Greenwald Group’s new plans call for an underground parking garage, 25 studio, one- and two-bedroom units spread throughout three levels and 4,645 square feet of commercial space on the bottom floor. Developers also plan to offer two large lawn areas next to the river and a connection to the pedestrian bridge that takes people to the Silverthorne Pavilion.

Tuesday, May 15, 2007

Independence Pass Designated Scenic Byway

Independence Pass, which starts at 9,200 feet and rises to 12,095 feet, has been added to the Top of the Rockies scenic byway.

The pass (open only during the summer months) is southwest of Breckenridge and a great scenic drive.

The Colorado Transportation Commission recently approved a recommendation by the Colorado Scenic and Historic Byway Commission to extend the route from south central Colorado near Leadville along Colorado Highway 82 to the west side of Aspen.

The 122-mile scenic byway now includes Fremont, Tennessee and Independence passes on the Continental Divide.

Friday, May 11, 2007

Breckenridge Riverwalk Center to get Roof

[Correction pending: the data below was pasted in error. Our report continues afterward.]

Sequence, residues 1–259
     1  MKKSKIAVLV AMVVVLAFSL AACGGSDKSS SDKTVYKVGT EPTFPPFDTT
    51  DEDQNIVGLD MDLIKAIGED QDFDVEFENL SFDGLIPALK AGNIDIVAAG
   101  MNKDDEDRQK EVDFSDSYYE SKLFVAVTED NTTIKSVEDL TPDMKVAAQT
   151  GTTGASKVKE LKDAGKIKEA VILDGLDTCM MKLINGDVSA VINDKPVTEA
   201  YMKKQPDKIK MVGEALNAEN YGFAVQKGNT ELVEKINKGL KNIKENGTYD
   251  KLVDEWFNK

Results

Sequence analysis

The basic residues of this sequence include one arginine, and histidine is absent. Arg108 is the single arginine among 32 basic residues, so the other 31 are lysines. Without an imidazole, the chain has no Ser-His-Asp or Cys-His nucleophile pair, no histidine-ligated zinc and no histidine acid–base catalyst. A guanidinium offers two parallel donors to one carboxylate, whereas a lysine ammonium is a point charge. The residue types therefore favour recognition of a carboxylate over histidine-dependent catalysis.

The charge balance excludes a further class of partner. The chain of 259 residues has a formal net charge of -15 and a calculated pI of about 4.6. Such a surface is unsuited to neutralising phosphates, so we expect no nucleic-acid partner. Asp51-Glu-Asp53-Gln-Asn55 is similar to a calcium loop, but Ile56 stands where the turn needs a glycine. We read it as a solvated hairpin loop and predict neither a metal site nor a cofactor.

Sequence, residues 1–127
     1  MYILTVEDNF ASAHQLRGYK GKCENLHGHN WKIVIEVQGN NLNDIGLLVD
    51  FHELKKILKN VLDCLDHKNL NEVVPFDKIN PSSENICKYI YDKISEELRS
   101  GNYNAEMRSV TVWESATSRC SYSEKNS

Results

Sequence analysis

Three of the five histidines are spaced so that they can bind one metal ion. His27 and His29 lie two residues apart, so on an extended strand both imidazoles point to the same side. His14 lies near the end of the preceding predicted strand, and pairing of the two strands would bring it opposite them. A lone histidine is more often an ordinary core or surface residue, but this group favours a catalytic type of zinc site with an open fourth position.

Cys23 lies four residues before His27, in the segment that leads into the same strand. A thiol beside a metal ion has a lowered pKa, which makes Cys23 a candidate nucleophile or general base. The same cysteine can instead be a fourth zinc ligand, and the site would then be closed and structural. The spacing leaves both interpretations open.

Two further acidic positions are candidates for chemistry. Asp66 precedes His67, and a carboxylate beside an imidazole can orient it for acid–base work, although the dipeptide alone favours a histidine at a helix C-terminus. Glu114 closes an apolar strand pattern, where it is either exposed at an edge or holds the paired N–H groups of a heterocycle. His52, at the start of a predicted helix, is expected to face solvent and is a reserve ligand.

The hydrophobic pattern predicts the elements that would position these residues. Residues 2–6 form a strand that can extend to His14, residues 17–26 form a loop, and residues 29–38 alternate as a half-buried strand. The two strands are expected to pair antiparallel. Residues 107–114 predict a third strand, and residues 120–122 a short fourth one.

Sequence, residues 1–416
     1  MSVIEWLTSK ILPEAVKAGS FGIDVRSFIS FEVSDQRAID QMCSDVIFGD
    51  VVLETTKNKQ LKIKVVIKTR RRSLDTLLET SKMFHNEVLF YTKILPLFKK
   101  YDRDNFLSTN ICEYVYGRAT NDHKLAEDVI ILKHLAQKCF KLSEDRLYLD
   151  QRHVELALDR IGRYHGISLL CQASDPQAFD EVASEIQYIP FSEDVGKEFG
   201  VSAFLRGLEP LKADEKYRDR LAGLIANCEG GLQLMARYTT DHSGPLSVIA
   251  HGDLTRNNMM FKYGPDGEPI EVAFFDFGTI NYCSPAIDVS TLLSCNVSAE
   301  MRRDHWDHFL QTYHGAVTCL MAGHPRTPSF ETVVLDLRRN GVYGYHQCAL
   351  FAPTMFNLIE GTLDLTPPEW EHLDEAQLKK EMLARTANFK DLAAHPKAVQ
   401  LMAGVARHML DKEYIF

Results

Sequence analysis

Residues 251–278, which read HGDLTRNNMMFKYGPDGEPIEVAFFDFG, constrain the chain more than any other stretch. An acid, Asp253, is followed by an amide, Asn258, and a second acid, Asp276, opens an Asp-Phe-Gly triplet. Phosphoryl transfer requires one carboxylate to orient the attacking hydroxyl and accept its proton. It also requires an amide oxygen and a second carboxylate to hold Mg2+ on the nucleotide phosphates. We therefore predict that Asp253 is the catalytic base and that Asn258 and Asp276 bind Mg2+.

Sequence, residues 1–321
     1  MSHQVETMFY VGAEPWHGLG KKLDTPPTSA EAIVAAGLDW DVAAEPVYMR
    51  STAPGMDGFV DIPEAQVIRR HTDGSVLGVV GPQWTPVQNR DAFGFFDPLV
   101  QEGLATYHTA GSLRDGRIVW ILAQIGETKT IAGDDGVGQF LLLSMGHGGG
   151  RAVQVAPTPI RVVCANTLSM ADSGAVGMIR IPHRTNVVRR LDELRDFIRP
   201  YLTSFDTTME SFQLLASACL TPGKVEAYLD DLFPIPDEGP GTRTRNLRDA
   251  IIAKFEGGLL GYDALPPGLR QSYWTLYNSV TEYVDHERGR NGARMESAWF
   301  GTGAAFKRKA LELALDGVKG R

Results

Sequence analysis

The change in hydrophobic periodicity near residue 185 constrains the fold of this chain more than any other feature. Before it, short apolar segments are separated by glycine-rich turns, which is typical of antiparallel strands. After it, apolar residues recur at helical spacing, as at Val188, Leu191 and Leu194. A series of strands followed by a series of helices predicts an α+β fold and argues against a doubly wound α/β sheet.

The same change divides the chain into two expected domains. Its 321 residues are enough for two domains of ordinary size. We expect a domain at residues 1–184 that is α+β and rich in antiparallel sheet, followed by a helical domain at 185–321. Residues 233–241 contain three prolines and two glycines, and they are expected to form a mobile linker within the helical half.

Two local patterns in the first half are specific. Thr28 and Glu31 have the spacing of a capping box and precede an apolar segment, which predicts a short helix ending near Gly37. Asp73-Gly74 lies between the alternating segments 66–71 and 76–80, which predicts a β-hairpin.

More than $600,000 raised in the last 12 weeks has sealed the fate of the Riverwalk Center's "Madonna" tent in Breckenridge:

The tent will be no longer.

In September, after the tent is taken down, construction on the new hardroof shell and side-walls will begin immediately. Town spokesperson Kim DiLallo said the new facility will include garage-like doors out to the lawn and improved acoustics for the National Repertory Orchestra and Breckenridge Music Festival, and will be open by May 2008.

The fundraising effort included a more than one $100,000 donation — including one from Vail Resorts — which prompted the Breckenridge Town Council to approve the project.

The latest cost projection is just under $2.8 million.

Thursday, May 10, 2007

Mine Waste to be Moved

A controversial plan to move several thousand cubic yards of tainted mine waste to a managed storage site in French Gulch got a conditional approval from the Breckenridge town council Tuesday.

Several mine waste piles on the national forest Claimjumper parcel - some with concentrations of lead as high as five percent - will be removed this summer and piled atop similarly polluted material near the abandoned Wellington-Oro mine, then capped, re-vegetated and monitored.